P.S. I also made a few of these leafy paper snow flakes, while my children were making their own traditional paper snow flakes. Wow! It was a lot more fun than I would have guessed! If you look here you can see more examples made by others on instagram.

leafy snowflakes bottle branch blog

 

Bold geometric iphone case

 

plastic canvas iphone case

If you know me in real life, you’ve probably seen me carrying around my phone case clipped to my keys with a carabiner. Its a strategy to keep from losing either phone or keys. Yet, this strategy failed one day in December when my needlepoint iPhone case fell off the clip (thankfully without my phone inside).

When I discovered my loss, I re-traced my steps, searching, but came home empty-handed, and quite sad to lose something so personal and that I had made myself. So, I decided to make a replacement right away, hoping that a quick replacement would help me move on.

In the interest of speed, and inspired by Diane at Crafty pod, I used plastic canvas, cotton yarn and a geometric pattern from one of my favorite vintage needlepoint books.

plastic canvas iphone case open and closed

I’m mostly happy with the way it turned out and I do like how the striped sides have a kind of 70’s or 80’s vibe.

I love working with plastic canvas because its so geometric and speedy. Plus, no hand sewing with thread – I used a glue gun to secure the flanel lining.  One of the benefits of using inexpensive materials is feeling no compunction whatsoever for using a glue gun.

Yet, with the finished product hanging from my key clip, I didn’t love it. It was either too plastic, or too brightly colored, too boldly geometric, or just not an adequate replacement for my lost needlepoint case.

So, I was ecstatic when I received a voicemail from a stranger, a local real estate agent, who had found my lost case and tracked down my home phone from a scrap of personalized stationery inside. Never mind that he referred to it as “macrame” (Macrame?! that’s for old ladies!) I am so grateful he took the time to find me and return it, because as it turns out, a soft ombré suits my personal style better than the bold geometric, however much I admire it.

keys and phone case

New creative obsession: Painted plaid

bright painted plaid

I haven’t been posting lately because I’ve developed a new obsession: painted plaid. A fashion trend, painted plaid seems to be trickling down and popping up lots of places. I am delighted by the softness, the regular irregularity, the nuanced colors. So I decided to give fabric plaid painting a try. I bought a few yards of habotabi silk, a brush, and a few bottles of silk paint, and got to work.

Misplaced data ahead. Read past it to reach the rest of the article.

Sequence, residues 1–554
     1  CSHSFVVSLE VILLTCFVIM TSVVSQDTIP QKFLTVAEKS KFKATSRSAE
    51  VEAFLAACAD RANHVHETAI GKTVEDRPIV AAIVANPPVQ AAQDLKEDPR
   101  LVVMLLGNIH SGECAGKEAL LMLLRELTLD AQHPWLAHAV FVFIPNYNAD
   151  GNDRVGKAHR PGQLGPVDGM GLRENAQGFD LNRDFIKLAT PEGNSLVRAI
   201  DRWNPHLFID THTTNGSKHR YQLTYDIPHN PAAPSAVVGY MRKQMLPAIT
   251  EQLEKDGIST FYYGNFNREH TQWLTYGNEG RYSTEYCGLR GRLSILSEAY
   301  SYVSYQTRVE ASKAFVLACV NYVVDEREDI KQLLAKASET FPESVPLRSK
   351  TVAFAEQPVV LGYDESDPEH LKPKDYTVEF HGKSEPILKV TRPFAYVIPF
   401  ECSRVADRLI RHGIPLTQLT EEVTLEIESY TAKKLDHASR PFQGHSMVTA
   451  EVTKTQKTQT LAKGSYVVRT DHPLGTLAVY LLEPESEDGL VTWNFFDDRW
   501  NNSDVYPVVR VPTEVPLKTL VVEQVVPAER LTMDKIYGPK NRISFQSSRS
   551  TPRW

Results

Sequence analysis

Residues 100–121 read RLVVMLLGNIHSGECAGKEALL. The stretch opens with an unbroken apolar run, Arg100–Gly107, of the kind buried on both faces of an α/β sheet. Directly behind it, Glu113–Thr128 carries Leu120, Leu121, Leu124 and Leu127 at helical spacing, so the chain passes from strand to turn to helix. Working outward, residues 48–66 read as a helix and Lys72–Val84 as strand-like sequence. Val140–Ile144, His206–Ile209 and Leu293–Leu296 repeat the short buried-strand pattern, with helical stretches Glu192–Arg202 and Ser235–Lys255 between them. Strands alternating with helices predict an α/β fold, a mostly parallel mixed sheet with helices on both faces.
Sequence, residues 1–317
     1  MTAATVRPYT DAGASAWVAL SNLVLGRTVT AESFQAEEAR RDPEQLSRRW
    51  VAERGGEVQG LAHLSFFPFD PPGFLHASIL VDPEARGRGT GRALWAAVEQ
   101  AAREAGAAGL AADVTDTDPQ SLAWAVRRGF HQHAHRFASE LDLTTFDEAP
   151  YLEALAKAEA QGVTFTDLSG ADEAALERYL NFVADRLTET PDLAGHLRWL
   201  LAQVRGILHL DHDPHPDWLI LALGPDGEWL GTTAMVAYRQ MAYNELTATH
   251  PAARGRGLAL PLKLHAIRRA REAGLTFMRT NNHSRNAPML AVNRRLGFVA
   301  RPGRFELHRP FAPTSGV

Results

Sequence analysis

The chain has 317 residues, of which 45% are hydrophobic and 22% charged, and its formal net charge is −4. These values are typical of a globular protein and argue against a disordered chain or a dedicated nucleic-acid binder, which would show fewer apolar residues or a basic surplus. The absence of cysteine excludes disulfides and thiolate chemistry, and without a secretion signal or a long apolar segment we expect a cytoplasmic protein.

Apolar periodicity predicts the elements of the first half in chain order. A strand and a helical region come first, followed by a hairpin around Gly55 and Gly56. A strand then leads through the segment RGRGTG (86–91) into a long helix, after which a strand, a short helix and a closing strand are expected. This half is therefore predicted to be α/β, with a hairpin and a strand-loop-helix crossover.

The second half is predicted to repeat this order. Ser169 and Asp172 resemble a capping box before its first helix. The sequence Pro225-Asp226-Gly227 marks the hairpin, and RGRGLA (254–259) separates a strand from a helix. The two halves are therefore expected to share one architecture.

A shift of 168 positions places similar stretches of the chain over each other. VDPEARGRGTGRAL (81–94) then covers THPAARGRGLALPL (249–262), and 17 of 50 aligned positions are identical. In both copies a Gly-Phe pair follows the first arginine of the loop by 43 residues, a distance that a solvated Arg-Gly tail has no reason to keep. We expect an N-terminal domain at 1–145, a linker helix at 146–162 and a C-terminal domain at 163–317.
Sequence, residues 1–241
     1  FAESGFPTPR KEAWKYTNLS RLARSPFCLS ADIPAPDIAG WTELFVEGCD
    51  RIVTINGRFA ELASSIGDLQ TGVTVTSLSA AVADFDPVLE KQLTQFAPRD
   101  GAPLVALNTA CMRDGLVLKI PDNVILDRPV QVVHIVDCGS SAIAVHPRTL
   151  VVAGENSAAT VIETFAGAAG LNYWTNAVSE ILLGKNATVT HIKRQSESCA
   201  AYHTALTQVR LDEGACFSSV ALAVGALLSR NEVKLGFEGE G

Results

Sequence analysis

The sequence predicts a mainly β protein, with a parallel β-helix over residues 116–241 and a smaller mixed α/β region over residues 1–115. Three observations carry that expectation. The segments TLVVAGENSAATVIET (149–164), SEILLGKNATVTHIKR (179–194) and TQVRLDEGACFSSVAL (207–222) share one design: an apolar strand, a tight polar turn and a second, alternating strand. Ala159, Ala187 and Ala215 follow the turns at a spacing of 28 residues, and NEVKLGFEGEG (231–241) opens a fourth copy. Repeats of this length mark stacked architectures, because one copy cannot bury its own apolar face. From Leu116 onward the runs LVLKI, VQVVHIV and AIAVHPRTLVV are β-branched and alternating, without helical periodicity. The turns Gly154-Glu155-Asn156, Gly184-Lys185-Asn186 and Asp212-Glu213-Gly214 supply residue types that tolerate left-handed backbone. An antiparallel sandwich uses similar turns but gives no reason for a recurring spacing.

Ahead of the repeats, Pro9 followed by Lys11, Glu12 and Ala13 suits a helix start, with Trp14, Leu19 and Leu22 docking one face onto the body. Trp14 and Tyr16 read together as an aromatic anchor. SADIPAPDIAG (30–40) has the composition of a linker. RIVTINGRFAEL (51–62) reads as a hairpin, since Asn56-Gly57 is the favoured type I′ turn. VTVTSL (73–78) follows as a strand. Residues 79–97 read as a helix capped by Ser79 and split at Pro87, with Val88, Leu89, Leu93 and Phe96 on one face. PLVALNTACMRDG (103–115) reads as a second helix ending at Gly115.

bright colors, 2 scales, painted plaid

I’ve been experimenting with scale and strong colors.

soft silk painted plaid

I’ve been experimentaing with softer, more muted colors and leaving unpainted spaces.

painted plaid in purples

And I’ve tried some colors in between.

Variation of color combinations, scale and rhythm of the lines makes pattern possibilities feel endless. Everytime I work on one, ideas of future patterns and projects fill my head. Its heady, exhillarating, irresistible.

Some of these swatches are so small, I’m not sure what I’ll make with them. Others are large enough I might hem them for scarves. Safe to say that friends and family might see some variations popping up at Christmas time.

Its also safe to say that that as the busy season between Thanksgving and Christmas rolls around, I won’t be posting much, but I’ll hope to get caught up in the new year.. Happy Thanksgiving, my American friends and readers, and happy December to everyone else!

Halloween craft: eeire orbs

yarn ballooons for halloween

With Halloween on the way, its been a crafty time at my house. We’ve been working on costumes, decorating and generally enjoying the season of spookiness.

We also made these orbs out of webbed yarn. Inspired by pinterest, these yarn balloons were super-easy to make. I took cotton yarn, dipped it in paper mache paste made from elmer’s glue, water, and some flour, and wrapped it around balloons. After letting them dry for a few days, I poked holes in the balloons and gently deflated them, while making sure to unstick the yarn from the balloon.

deflating balloon

Thorough instructions can be found on Instructables, but really there’s not much to this project. Only be sure to use 100% cotton yarn, no matter how tempting a sparkly or hairy synthetic yarn might seem. The synthetics just don’t hold the shape once the balloon is deflated. Trust me, I know this from experience.

I liked the simplicity of the orbs on their own, but my children had other ideas. They wanted to add cobwebs, spiders, skeletons. You know, make them spookier, kookier, more eerie. I confess to a few judicious edits of their adornments before hanging them above our kitchen table and taking this final photo. Happy Halloween, my friends in the blogosphere!

yarn.balloons.all

 

August break: painting by bubbles

Every August, we head to the coast north of Boston, to spend a few weeks at the beach.  Since we don’t have much planned, I always troll through pinterest when packing, and plan a few portable crafty projects to do with my children. So far, this year, we’ve only managed to try painting by bubbles, and it was a wild success.